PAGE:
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Full-service and partially franchised chain Texas Roadhouse (NASDAQ: TXRH ) released earnings this week, and the results were mixed, if ultimately encouraging. The roughly 400-restaurant-strong business, operating under its namesake as well as Aspen Creek, failed to meet analyst estimates on both the top and bottom lines, but continues to grow attractively on a unit basis. Additionally, the company is tacking on new restaurants at an impressive clip -- which is likely to buoy the top line and generate more cash down the line. The market may not have reacted positively to the earnings report, but there is more to Texas Roadhouse that investors should know in order to make an informed decision.
For the third fiscal quarter, Texas Roadhouse saw its top-line earnings grow 8.5% to $334.8 million, but that wasn't enough to satisfy the Street, which expected roughly $4 million more. On the bottom line, the company actually saw earnings fall slightly -- about $0.01 per share, to $0.24 per share. Average analyst estimates saw earnings coming in on par with those of the year-ago quarter.
It wasn't all bad news, though, as the company managed a 2.6% bump in same-store sales, with a 4% gain coming from franchised stores. Since the beginning of the year, the company has opened 14 new company-owned stores and four franchised stores.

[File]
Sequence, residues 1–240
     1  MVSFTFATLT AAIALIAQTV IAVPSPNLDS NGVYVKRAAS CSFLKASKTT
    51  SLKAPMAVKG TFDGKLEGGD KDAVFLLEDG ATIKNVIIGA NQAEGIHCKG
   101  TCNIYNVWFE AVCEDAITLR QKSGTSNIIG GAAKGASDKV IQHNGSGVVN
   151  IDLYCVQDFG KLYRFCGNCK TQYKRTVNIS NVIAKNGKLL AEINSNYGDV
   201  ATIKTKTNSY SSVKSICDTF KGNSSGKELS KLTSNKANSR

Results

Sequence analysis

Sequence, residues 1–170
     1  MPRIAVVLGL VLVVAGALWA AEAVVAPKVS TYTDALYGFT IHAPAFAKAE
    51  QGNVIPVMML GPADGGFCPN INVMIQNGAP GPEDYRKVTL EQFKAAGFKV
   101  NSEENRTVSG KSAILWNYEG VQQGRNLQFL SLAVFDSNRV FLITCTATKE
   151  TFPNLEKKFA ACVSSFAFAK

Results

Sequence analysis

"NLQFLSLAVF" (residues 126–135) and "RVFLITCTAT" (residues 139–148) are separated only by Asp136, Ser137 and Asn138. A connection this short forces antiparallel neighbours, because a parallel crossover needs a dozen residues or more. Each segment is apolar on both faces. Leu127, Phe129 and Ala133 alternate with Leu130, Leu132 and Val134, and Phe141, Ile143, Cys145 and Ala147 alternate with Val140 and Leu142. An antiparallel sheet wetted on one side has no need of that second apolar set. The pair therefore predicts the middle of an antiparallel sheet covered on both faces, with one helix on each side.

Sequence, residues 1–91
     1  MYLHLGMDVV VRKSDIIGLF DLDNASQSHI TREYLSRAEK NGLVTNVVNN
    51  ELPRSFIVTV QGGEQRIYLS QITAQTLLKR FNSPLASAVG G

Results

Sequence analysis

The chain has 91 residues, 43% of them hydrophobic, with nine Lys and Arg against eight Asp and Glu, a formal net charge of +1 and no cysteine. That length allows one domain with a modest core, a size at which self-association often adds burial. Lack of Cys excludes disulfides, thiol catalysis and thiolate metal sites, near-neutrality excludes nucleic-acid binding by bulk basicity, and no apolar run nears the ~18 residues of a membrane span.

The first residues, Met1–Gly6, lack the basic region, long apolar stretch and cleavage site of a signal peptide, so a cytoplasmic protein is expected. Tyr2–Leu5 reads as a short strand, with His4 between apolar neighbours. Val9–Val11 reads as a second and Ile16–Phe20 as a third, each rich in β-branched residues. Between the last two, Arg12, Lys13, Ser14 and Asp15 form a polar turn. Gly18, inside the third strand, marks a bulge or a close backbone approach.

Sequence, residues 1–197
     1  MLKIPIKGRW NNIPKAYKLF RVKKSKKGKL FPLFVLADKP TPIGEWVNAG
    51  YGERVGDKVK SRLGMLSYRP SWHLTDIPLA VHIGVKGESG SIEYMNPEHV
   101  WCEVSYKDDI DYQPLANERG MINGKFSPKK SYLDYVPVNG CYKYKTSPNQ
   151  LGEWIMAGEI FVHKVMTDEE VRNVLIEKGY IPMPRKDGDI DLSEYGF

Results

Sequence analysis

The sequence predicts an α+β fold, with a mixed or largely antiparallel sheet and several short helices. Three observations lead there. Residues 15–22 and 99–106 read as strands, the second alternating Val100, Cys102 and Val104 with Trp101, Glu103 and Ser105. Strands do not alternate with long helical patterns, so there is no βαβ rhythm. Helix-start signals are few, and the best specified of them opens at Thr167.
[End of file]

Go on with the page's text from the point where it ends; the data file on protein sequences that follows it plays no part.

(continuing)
Pre-opening costs (associated with company-owned stores) and commodity costs are keeping pressure on earnings. The latter should not be an issue going forward, though, as management sees lower commodity inflation in 2014.
For the full year 2013, Texas Roadhouse is expecting 28 new restaurants and 7% food cost inflation. For 2014, the company looks to add another 25 to 30 restaurants and low-single-digit cost inflation. Capex should remain steady for the next year, around the $105 million mark.
Based on new restaurant growth, Texas Roadhouse may be an appealing stock going forward, but the company could improve to bump cash flow and lower costs.
Management's strategy is to build out company-owned stores, which is a guaranteed way to increase the top line quickly and keep a close hold on the company's expansion. The thing is, for easily scalable full-service restaurants like Texas Roadhouse, a franchise model is usually better for the company and investors over the long term. Revenues don't grow as fast, but the company generates long-term recurring cash flows and enjoys lower costs (such as the pre-opening costs that are keeping earnings limited at the moment).
Growth investors should take a closer look at the company, as it's fairly valued at around 21 times forward earnings (pricey compared to some peers, but not so when new restaurant expansion is taken into account). For more value-oriented investors, wait to see the company's ROIC on the new stores and whether management puts the pedal down on more franchised stores. Either way, the company should be increasing its free cash flow over the long term, and deserves to be on an investment watchlist.
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